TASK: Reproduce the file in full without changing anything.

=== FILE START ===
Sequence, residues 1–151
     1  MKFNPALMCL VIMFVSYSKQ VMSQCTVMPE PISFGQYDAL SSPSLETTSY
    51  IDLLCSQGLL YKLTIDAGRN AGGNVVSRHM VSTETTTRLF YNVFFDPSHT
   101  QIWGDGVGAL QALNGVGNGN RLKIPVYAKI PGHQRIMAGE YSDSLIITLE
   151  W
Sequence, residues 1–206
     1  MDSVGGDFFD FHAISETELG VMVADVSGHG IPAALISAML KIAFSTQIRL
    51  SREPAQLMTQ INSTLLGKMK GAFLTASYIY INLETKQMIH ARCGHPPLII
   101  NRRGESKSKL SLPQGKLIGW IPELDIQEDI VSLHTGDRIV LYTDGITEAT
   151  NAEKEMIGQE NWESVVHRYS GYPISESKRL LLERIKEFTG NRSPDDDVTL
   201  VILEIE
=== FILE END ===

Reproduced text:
Sequence, residues 1–151
     1  MKFNPALMCL VIMFVSYSKQ VMSQCTVMPE PISFGQYDAL SSPSLETTSY
    51  IDLLCSQGLL YKLTIDAGRN AGGNVVSRHM VSTETTTRLF YNVFFDPSHT
   101  QIWGDGVGAL QALNGVGNGN RLKIPVYAKI PGHQRIMAGE YSDSLIITLE
   151  W
Sequence, residues 1–206
     1  MDSVGGDFFD FHAISETELG VMVADVSGHG IPAALISAML KIAFSTQIRL
    51  SREPAQLMTQ INSTLLGKMK GAFLTASYIY INLETKQMIH ARCGHPPLII
   101  NRRGESKSKL SLPQGKLIGW IPELDIQEDI VSLHTGDRIV LYTDGITEAT
   151  NAEKEMIGQE NWESVVHRYS GYPISESKRL LLERIKEFTG NRSPDDDVTL
   201  VILEIE